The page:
Big, established musicians like to change things up and occasionally play smaller places. It brings them closer to the fans, after the distance created by larger venues. It reconnects them with their earlier days, when they played such sized places. It means that the musicians have to rely less on spectacle, since the crowd isn’t so far away (and the smaller places are less suited/able to do light shows & the like). After making their money, touring the big venues, they can charge what they like at the odd small show. And it brings in the ‘real fans’ – those who’d pay the big bucks and/or get their tickets as soon as they’re on sale. Sonic Youth is certainly a big, established band, so their two dates, Tuesday & Wednesday before Thanksgiving at Brooklyn’s Music Hall in Williamsburg, were the punk icons playing back-to-back intimate shows.
Not that Music Hall in Williamsburg (QRO venue review) is a ‘small’ place – it includes a balcony, and its capacity is roughly 550 people. Sonic Youth isn’t unfamiliar with the place, having headlined Day 2 of the three-day No Fun Fest there earlier this year (QRO Festival Guide). And it was only a few years ago that they played Webster Hall (QRO live review) – a stage (QRO venue review) that’s not that much larger than Music Hall (especially since the balcony at Webster is VIP-only, reducing the overall capacity).
But this is Sonic Youth, folks. Day 2 of No Fun Fest sold out quickly, unlike the other two dates (though none of the other bands at the festival were anyone you’d ever heard of). They played Webster Hall back when it was a more essential venue, before Music Hall existed (but after Northsix, the space’s previous incarnation, had folded), before Webster’s Union Square area was littered with spaces such as Highline Ballroom (QRO venue review) and Gramercy Theatre (QRO venue review) – and not long after Fillmore New York at Irving Plaza (QRO venue review) had opened (back when it was still just ‘Irving Plaza’). And since then, Sonic Youth has headlined McCarren Park Pool (QRO live review) – twice, the latter being the last show ever at the now-closed venue (QRO venue review), Battery Park (QRO venue review) for its Fourth of July show (QRO photos) last year, United Palace Theatre (QRO venue review) in Harlem this year (QRO live review), and, the Saturday before their Music Hall dates, West Midtown’s massive Terminal 5 (QRO venue review). They could headline Madison Square Garden (QRO venue review) if they didn’t play New York so often. For Sonic Youth, Music Hall in Williamsburg was definitely ‘slumming it’.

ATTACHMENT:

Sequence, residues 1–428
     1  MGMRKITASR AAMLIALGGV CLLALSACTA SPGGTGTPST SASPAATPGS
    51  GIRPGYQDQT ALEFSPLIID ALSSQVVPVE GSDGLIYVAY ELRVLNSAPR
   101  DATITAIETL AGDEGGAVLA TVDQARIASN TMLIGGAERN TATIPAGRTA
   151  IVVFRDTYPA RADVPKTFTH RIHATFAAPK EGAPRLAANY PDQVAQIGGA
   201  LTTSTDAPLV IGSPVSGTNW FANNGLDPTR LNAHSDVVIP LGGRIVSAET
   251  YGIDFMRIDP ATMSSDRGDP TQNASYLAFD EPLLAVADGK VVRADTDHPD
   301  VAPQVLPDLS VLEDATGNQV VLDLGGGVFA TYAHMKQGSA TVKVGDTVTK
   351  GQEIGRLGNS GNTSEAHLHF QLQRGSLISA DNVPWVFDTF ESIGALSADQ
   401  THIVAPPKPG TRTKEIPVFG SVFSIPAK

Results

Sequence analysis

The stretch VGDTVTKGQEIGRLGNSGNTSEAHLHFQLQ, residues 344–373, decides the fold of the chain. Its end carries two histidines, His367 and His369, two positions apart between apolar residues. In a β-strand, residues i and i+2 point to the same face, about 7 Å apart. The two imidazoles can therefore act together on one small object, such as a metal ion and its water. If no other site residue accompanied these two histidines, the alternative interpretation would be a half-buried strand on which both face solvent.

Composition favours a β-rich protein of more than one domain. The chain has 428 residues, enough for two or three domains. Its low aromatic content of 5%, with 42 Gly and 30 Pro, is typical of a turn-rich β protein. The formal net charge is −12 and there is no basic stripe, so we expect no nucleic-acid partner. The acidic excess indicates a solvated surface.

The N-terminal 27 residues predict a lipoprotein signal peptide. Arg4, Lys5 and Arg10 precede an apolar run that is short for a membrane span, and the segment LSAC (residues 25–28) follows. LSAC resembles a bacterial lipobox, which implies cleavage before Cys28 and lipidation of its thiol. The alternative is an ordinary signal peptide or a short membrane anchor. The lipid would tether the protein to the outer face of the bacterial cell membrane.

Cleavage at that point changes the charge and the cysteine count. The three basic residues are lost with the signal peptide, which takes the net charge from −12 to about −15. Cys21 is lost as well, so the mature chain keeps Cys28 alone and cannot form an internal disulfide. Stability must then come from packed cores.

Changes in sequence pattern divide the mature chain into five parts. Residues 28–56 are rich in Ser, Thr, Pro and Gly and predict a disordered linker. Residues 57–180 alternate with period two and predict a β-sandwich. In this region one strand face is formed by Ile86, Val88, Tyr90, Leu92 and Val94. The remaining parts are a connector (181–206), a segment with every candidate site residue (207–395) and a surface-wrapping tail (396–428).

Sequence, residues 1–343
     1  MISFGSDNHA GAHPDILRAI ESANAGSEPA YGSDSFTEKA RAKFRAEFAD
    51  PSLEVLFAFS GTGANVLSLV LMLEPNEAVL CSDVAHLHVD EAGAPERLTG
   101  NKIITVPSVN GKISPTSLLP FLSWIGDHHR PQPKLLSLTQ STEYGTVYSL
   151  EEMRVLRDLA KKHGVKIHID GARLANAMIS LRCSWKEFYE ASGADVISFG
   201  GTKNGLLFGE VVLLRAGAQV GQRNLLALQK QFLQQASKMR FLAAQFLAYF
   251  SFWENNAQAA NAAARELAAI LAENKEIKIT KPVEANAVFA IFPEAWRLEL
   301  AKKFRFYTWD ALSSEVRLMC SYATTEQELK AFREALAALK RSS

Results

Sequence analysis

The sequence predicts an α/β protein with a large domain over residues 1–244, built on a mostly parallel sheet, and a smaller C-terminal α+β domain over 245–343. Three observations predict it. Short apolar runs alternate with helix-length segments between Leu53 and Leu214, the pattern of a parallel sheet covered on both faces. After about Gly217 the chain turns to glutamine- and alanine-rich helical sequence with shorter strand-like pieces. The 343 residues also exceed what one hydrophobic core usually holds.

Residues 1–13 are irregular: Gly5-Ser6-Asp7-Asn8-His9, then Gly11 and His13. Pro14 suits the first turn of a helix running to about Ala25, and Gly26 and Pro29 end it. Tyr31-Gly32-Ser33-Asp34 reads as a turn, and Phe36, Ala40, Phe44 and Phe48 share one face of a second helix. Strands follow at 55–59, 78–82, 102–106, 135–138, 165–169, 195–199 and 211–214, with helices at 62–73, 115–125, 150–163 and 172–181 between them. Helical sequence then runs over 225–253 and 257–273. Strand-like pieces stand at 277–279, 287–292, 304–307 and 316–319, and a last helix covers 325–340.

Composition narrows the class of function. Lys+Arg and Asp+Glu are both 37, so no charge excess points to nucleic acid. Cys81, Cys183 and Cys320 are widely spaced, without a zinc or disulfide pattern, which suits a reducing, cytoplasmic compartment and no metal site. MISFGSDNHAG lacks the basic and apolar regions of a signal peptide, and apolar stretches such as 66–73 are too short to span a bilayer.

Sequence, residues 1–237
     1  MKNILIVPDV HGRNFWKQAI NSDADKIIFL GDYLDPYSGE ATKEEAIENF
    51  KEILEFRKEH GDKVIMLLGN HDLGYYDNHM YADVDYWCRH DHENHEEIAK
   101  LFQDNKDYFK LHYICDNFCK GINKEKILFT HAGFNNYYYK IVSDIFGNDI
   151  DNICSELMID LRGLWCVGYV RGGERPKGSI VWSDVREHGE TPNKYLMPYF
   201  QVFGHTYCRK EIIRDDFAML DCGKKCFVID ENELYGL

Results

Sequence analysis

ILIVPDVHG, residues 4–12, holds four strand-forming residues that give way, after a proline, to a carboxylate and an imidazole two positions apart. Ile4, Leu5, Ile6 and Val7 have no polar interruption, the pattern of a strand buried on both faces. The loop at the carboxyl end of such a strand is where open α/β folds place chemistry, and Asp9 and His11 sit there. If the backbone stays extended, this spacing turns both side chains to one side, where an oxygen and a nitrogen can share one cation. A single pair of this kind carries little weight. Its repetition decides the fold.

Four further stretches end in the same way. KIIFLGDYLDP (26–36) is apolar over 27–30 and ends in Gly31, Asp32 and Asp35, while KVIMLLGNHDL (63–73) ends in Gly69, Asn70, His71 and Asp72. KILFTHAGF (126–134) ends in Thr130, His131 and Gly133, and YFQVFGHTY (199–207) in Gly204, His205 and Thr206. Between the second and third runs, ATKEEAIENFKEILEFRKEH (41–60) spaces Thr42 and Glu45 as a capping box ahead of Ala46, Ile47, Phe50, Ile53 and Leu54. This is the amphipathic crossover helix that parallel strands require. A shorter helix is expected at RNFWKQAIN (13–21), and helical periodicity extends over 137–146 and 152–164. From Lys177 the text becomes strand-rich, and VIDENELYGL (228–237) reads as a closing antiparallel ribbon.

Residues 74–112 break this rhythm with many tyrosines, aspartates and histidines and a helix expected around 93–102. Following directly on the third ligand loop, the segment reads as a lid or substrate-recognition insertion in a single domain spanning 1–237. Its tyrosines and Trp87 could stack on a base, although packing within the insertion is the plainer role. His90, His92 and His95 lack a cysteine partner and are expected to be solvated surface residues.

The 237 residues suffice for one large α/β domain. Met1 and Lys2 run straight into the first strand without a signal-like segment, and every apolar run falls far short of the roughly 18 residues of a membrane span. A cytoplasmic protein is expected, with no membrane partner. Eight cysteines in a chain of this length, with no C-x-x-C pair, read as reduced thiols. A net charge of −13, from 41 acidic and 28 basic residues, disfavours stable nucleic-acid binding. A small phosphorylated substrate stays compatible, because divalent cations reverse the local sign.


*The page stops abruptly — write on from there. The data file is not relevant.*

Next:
There was one respect in which this show wasn’t different: the set list (QRO photo). Like the United Palace show this summer, both nights at Music Hall were dominated by Sonic Youth’s latest, The Eternal (QRO review): eleven out of seventeen songs on either night were from The Eternal, and the only Eternal song not played was “Thunderclap For Bobby Pyn” (not played either night, or in Harlem in July). And also like the United Palace show, all of the non-Eternal choices were at least two decades old, though a little more recent: while the summer uptown show had featured nothing else more recent than 1987’s Sister, the two fall nights in Brooklyn were mostly Sister and the following Daydream Nation (QRO re-release review) – though still nothing outside of The Eternal later than 1988. Unsurprisingly, The Eternal line-up was near exactly the same between the two nights, and though no non-Eternal song was played on both nights, the slots for such songs were in near identical locations on the set lists (mostly near the end).
|Tuesday, 11/22/09||Wednesday, 11/23/09|
|Sacred Trickster||No Way|
|No Way||Sacred Trickster|
|Calming the Snake||Calming the Snake|
|Hey Joni (Daydream Nation)||Eric’s Trip (Daydream Nation)|
|Malibu Gas Station||Malibu Gas Station|
|Poison Arrow||Poison Arrow|
|Walkin’ Blue||Walkin’ Blue|
|(I Got a Catholic Block) (Sister)||Stereo Sanctity (Sister)|
|Leaky Lifeboat (For Gregory Corso)||Leaky Lifeboat (For Gregory Corso)|
|Massage the History||White Cross (Sister)|
|Massage the History|
|Tom Violence (EVOL)||Encore 1:|
|Schizophrenia (Sister)||The Sprawl (Daydream Nation)|
|Cross the Breeze (Daydream Nation)|
|What We Know||Encore 2:|
|Shadow of a Doubt (EVOL)||What We Know|
|Silver Rocket (Daydream Nation)||Death Valley ‘69 (Bad Moon Rising)|
The Eternal high & lows were similar both nights in Brooklyn, as well: Eternal single & stand out “No Way” early on, “Anti-Orgasm”/”Poison Arrow” duo mid-set, and late-set “Antenna” all stood strong, with the last two particularly improving from on record (but it was “Orgasm” that got each letter lit up on stage…). The main-set closer both nights, “Massage the History”, was the (relative) weakest point both nights (as it was at United Palace), with singer/guitarist Thurston Moore sitting on a high chair while singer/guitarist (and wife) Kim Gordon lead Sonic Youth in slowing things down (as it led into the first encore break, “Massage” was pretty much the perfect time to go get a drink – the only person who should be sitting at any point in a Sonic Youth show is drummer Steve Shelley…) “What We Know”, the only Eternal song in either encore on both nights (indeed, the first song of the second encore return both times), thankfully didn’t wilt when amidst older material, but instead was perhaps the song most raised from recording (whether an Eternal track or not) on either night.
Sonic Youth playing “What We Know” live @ Music Hall in Williamsburg in Brooklyn, NY on Night One, November 24th, 2009:
Sonic Youth playing “What We Know” live @ Music Hall in Williamsburg in Brooklyn, NY on Night Two, November 25th, 2009: